The data protection landscape in Nigeria has had another remarkable year. After previous failed attempts, a renewed effort was made this year for another data protection bill. The new effort will be presented as an executive bill, and the Senate has promised to accelerate its passage within 30 days of its presentation. In February, the Minister of Communication and Digital Economy announced that the Nigeria Data Protection Bureau (NDPB) would replace the National Information Technology Development Agency (NITDA).
The Lagos State House of Assembly adopted the recommendations to enhance the draft Lagos State Data Protection Bill. In the latter part of the year, NITDA published a draft national data strategy for the use of both personal and non-personal data. According to the timeline for implementing the strategy, certain steps are currently in progress. The Secretary to the Government of the Federation issued a directive requiring all government agencies to implement the NDPR, among other measures. While this was the first year in three in which the data protection authority did not issue any sanctions, there were court judgments against the sending of unsolicited emails and illegally opening a new account without the customer’s permission. Similarly, the Federal Competition and Consumer Protection Commission (FCCPC) suspended the operations of some digital lending companies and requested that mobile app hosting stores remove them.
Also, during the year, some policy proposals could impact data protection. For instance, the Central Bank of Nigeria released the draft Operational Guidelines for Open Banking in Nigeria, which created some data protection obligations for regulated entities. The year also saw the introduction of the Nigeria Intelligence Gathering Commission Bill, whose provisions have nothing to do with bolstering the country’s frail surveillance legal and regulatory framework.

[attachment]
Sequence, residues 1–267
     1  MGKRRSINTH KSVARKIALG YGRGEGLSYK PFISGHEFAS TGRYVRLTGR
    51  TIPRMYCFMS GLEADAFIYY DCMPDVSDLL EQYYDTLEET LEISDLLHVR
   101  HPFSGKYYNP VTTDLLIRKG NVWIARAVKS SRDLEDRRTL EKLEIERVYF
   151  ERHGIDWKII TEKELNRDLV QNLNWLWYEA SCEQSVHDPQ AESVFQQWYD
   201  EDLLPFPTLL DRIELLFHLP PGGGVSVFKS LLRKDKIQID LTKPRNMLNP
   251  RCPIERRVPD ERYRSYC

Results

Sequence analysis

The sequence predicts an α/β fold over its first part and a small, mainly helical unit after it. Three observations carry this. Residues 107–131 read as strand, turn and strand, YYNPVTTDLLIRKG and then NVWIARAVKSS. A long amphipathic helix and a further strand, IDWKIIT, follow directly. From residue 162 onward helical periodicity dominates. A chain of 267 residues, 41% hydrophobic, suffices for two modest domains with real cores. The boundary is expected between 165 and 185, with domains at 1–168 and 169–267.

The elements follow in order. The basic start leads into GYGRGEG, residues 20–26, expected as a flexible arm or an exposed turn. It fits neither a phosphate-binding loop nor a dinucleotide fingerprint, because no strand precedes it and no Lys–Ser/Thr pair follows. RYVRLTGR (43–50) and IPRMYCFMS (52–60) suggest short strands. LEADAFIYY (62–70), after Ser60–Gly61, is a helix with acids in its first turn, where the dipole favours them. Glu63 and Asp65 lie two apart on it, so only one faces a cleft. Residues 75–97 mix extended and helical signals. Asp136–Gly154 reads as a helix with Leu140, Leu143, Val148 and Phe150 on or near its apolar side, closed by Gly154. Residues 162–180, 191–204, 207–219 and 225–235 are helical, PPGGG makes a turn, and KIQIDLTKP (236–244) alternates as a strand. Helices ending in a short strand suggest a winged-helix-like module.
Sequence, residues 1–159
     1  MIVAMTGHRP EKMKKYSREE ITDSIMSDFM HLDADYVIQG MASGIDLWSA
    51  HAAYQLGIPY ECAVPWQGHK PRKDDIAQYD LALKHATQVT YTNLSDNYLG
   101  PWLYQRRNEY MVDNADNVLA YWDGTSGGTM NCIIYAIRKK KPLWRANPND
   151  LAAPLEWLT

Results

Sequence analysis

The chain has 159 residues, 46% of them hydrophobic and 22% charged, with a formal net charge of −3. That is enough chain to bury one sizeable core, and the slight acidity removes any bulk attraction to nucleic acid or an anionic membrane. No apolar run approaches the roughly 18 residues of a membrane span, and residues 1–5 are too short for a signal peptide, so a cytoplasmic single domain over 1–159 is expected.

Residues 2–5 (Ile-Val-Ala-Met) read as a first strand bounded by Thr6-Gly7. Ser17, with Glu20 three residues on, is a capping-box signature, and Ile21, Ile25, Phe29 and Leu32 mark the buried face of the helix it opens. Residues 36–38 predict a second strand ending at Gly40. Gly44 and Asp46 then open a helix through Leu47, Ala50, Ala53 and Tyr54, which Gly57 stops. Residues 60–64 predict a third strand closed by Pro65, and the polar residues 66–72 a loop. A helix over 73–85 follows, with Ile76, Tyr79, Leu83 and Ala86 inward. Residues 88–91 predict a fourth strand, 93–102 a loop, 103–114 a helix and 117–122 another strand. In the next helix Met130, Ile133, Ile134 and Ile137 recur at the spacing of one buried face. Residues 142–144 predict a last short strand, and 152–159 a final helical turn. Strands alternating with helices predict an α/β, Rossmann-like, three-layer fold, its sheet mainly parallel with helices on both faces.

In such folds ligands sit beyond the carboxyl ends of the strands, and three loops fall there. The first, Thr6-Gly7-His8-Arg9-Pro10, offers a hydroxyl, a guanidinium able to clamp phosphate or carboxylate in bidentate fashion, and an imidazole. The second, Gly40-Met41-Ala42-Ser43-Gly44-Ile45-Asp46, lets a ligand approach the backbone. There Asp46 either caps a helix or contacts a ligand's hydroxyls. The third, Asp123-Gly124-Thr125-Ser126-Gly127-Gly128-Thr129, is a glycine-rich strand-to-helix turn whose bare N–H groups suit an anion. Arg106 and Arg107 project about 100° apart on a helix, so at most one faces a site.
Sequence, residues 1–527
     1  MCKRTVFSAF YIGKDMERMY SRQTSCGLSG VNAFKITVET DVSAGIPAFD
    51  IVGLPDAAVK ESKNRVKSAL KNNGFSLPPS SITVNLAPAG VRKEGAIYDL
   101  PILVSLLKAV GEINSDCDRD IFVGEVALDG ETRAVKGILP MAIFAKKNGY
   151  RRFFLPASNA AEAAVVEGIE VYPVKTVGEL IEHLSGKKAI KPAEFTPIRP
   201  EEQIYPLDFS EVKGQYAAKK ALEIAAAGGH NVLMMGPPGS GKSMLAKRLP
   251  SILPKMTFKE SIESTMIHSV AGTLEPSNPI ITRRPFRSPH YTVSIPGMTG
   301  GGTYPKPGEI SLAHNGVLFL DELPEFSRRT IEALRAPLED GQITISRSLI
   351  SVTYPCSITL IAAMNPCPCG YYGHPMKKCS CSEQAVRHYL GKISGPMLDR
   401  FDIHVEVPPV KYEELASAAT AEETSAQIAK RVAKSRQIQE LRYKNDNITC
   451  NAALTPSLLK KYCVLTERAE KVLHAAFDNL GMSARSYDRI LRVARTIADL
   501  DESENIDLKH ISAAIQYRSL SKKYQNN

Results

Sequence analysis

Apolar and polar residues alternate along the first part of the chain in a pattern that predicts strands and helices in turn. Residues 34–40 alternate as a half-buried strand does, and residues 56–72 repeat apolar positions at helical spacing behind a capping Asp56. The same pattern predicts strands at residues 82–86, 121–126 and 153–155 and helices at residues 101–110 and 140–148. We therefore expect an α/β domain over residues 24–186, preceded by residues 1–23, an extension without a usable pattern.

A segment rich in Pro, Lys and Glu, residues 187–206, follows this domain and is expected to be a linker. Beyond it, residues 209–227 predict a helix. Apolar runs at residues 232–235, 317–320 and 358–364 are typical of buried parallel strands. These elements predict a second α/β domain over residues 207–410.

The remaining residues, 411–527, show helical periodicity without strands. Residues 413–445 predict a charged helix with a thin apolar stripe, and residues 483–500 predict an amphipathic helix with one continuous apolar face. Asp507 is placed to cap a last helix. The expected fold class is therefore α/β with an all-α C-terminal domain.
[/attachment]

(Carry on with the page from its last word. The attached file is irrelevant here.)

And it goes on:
Nigeria Data Protection Bureau: a year of “burrowing”
Despite ongoing debates regarding the legitimacy of the NDPB, it has continued to fulfil its duties as the data protection authority. The bureau made ongoing efforts to raise awareness through offline and online events, its social media platforms, engagement with various government officials, and partnerships with other organisations. The bureau also hosted a stakeholder session towards drafting a bill and a validation exercise for the new bill. In addition, the NDPB issued a compliance notice to all data controllers, requiring them to meet certain requirements for inclusion in an adequacy whitelist programme. The deadline has been extended to January 2023. As part of its cooperation efforts, the bureau signed a number of memoranda of understanding with various government ministries, agencies, and departments. It established a mutual enforcement desk with the FCCPC. In addition, investigations into the violation of the data protection regulation were announced.
We have highlighted some of the trends we anticipate in 2023.
A new data protection law was introduced by the government in 2022. Although the head of the NDPB stated that it would be passed before the end of the year, we anticipate that this bill will be passed by the first quarter of 2023 or before the current legislature’s term expires, as the Senate promised to do so within 30 days of its introduction. The bill is expected to be signed into law in the first or second quarter of 2023. The enactment of the law will ensure the complete transition and formal establishment of the NDPB as the country’s data protection authority, as it has been operating without an establishing law since February 2022.
At the state level, the Lagos State Data Protection Bill is expected to be passed and signed into law. We also anticipate some progress with Ogun State’s version of the bill. It will not be surprising to see other state governments follow suit, considering there may be changes in leadership in different states of the federation.